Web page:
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Bartosh

Come on now, who is he Kidd-ing?

 Desperate moments drive men into committing desperate acts.
  Certainly, this does not rank as a revelatory statement, but it’s still one that bears repeating from time to time simply because there is no foreseeable end to man’s — and occasionally woman’s — strange behavior.
  In Washington D.C., that’s referred to as everyday business as usual, but the rest of the country generally adheres to a slightly higher code of ethical conduct. Thus, the majority of us tend to be taken aback whenever somebody veers off-course.
  Purposefully doing something wrong while in full view of witnesses is really pretty dumb, but again we must consider the desperation angle. And few people are motivated by that trait more than those individuals in the sports world.


  We know, of course, nothing trumps success on the field of competition in terms of sheer importance in all of our lives. Who among us functions quite so smoothly in the aftermath of a crucial loss by our favorite team?
  And that’s true even when the franchise has been highly successful. More than a quarter-century has passed since they happened, but I’m willing to bet some Boston Celtics fans have never completely gotten over Magic Johnson’s “junior-junior skyhook” in the 1987 NBA Finals, and that more than a few Edmonton Oilers fans still envision that puck deflecting off Steve Smith’s skate into his own team’s net and helping to ruin the Oilers’ bid for a Stanley Cup three-peat in 1986.
  On the flip side, we won’t mention a certain billy goat/black cat/Durham/Bartman-hexed baseball club.
  What all those incidents — and most others that depress the typical fan for years afterward — have in common is that they either happened in the postseason or coincided with a pivotal point of the regular schedule. Rarely does a bizarre moment in the early portion of a season draw attention, but Jason Kidd made sure he was an exception to the rule.
  NBA followers know of Kidd’s excellence as a player. He was a premier point guard for almost 20 years, and a hallmark of Kidd’s on-court persona was his seemingly unflappable demeanor.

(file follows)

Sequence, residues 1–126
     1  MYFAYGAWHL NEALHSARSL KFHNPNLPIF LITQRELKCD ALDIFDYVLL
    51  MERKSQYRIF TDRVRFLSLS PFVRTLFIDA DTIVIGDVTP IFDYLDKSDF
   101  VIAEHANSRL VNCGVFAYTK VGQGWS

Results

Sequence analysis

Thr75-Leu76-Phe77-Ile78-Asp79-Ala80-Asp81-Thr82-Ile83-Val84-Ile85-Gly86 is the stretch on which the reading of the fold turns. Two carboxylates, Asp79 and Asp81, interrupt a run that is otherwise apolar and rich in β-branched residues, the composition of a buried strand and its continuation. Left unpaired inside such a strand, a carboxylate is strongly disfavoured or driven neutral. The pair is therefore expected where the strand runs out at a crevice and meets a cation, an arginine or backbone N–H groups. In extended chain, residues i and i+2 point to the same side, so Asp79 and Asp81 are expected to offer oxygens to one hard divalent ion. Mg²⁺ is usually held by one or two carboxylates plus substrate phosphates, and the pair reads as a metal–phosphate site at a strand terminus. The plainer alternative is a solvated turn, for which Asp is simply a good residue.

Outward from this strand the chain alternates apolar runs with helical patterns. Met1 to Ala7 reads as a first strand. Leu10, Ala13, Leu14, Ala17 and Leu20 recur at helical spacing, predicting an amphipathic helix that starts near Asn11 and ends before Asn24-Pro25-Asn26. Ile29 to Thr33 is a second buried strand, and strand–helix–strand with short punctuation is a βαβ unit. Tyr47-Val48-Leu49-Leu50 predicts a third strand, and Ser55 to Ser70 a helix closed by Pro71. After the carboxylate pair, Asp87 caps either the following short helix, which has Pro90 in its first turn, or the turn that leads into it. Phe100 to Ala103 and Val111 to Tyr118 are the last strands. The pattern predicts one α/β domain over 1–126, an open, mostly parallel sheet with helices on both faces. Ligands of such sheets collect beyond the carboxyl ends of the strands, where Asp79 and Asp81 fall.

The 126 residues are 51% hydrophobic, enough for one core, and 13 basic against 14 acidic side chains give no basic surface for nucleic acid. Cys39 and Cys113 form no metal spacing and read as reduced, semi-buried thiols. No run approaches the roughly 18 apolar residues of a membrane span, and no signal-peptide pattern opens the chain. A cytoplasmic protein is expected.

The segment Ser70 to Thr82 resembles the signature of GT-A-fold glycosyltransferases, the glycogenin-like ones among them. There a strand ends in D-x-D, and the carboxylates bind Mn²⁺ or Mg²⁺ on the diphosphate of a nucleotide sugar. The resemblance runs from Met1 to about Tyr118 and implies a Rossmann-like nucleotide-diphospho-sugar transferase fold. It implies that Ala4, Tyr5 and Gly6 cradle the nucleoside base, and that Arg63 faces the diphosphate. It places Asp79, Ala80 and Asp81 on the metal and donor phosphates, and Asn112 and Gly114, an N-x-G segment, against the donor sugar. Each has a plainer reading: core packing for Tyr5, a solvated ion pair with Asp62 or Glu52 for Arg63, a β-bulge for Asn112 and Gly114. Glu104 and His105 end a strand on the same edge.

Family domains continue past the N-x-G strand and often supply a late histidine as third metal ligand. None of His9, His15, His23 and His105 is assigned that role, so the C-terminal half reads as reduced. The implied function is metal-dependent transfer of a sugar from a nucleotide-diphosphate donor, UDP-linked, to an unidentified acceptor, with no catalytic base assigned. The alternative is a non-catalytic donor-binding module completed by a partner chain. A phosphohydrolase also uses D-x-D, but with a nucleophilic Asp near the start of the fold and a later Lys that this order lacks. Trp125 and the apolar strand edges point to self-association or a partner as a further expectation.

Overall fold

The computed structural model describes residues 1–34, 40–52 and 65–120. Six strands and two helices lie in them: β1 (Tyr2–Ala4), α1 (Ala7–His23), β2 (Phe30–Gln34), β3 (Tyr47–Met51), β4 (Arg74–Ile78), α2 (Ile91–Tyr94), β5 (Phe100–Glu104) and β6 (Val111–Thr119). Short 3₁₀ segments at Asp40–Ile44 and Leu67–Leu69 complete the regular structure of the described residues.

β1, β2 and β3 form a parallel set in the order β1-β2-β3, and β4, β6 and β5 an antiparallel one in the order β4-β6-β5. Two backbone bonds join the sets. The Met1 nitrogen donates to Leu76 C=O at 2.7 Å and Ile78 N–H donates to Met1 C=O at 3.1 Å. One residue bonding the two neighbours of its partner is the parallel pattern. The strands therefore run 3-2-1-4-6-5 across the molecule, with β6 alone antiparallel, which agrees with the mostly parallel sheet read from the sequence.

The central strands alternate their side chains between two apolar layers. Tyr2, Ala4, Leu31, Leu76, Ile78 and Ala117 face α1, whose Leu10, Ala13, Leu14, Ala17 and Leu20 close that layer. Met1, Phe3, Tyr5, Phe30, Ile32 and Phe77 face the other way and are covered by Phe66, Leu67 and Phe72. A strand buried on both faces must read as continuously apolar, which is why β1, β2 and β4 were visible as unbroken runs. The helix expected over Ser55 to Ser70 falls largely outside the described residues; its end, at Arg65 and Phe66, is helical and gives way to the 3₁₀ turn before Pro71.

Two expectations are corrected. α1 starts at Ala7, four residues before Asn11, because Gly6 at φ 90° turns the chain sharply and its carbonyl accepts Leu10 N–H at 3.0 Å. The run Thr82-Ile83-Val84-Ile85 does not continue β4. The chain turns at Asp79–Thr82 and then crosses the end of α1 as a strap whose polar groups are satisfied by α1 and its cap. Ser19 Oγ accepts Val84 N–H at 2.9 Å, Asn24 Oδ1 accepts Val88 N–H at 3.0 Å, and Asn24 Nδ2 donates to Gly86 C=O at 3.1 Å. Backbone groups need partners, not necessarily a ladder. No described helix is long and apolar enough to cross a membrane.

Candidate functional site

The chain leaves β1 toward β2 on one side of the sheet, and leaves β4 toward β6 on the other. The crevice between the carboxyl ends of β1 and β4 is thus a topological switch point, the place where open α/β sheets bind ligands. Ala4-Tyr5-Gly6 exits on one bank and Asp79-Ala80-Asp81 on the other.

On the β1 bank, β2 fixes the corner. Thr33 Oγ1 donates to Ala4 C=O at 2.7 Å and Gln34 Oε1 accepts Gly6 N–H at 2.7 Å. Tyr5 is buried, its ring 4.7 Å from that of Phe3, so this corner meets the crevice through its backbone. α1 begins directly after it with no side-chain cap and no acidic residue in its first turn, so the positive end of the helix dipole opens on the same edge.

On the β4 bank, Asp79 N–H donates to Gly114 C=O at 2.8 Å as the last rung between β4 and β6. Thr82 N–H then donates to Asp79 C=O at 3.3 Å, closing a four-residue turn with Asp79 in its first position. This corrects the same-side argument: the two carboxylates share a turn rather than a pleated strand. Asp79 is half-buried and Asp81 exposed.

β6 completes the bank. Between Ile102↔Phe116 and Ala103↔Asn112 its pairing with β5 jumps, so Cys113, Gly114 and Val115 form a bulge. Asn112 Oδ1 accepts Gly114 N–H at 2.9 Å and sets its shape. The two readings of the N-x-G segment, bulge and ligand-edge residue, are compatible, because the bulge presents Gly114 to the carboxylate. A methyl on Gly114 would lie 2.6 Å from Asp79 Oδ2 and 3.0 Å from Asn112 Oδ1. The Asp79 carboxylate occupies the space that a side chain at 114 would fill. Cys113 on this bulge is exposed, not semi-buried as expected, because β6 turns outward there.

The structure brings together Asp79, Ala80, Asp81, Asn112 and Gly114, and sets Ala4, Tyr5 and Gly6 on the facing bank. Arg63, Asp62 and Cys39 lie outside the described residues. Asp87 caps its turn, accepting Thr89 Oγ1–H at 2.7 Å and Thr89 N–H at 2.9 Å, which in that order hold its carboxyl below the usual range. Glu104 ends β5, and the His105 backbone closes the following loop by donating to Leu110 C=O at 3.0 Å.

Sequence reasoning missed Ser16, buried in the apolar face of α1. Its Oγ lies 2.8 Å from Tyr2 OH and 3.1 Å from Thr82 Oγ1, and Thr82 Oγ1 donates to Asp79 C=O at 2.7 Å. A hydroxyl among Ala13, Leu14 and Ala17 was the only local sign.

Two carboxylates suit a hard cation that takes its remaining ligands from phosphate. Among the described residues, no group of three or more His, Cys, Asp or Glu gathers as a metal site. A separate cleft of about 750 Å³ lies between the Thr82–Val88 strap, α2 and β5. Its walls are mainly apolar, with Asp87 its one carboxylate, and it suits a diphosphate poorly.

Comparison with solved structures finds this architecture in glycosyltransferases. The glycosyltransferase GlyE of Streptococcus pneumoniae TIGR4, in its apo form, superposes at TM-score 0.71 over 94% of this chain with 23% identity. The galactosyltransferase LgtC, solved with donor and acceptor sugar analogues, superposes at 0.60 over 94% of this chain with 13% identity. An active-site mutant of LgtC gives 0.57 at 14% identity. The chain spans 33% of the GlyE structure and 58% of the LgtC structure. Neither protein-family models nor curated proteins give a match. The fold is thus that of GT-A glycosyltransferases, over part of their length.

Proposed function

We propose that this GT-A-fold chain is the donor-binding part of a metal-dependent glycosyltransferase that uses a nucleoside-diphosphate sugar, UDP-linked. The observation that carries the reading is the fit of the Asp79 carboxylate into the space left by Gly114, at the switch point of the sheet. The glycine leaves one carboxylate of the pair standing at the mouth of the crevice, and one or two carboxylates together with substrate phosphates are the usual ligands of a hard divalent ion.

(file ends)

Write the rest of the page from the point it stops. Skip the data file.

But once he swapped his jersey for a suit, Kidd panicked when the heat was turned on.
  Many of you are probably aware of Kidd’s shenanigans in a recent game between the Brooklyn Nets and Los Angeles Lakers. Kidd, who now coaches the Nets, called for a player substitution in the late going but had no timeouts left.
  The player leaving the court, Tyshawn Taylor, bumped into Kidd and caused his coach to spill a cup of soda. That necessitated a cleanup and gave the Nets a chance to quickly design a play to run in the final eight seconds.
  It didn’t pan out, however, and Brooklyn suffered a 99-94 loss. Shortly thereafter Kidd endured a $50,000 loss, courtesy of the NBA front office, which declared the spilled-soda act an intentional one, something Kidd later confirmed was indeed the truth.
  Mind you, this came 15 games into an 82-game campaign. Perhaps Kidd figures he won’t be around to witness every one of those remaining 67 contests, seeing as how the big-dollar Nets have already defined themselves as chronic underachievers.
  Whatever the reason for his actions, though, Kidd surprised many basketball fans by resorting to them. But let’s first give the man props for what was a rather inventive way to try to circumvent the rules, even though it didn’t fool any of David Stern’s alert little minions.